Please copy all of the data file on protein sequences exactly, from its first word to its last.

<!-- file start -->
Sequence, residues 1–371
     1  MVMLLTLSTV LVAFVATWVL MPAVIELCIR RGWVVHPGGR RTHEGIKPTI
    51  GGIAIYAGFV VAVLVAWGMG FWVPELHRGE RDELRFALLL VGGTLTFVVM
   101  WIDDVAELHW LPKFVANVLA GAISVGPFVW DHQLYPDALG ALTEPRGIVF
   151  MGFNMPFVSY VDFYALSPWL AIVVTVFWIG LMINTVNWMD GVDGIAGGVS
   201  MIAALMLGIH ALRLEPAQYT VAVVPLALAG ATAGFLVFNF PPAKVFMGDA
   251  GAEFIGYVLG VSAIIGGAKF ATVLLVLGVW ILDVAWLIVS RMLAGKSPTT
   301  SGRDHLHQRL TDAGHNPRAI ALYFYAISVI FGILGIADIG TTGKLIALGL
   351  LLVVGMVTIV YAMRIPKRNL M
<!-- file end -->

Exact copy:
Sequence, residues 1–371
     1  MVMLLTLSTV LVAFVATWVL MPAVIELCIR RGWVVHPGGR RTHEGIKPTI
    51  GGIAIYAGFV VAVLVAWGMG FWVPELHRGE RDELRFALLL VGGTLTFVVM
   101  WIDDVAELHW LPKFVANVLA GAISVGPFVW DHQLYPDALG ALTEPRGIVF
   151  MGFNMPFVSY VDFYALSPWL AIVVTVFWIG LMINTVNWMD GVDGIAGGVS
   201  MIAALMLGIH ALRLEPAQYT VAVVPLALAG ATAGFLVFNF PPAKVFMGDA
   251  GAEFIGYVLG VSAIIGGAKF ATVLLVLGVW ILDVAWLIVS RMLAGKSPTT
   301  SGRDHLHQRL TDAGHNPRAI ALYFYAISVI FGILGIADIG TTGKLIALGL
   351  LLVVGMVTIV YAMRIPKRNL M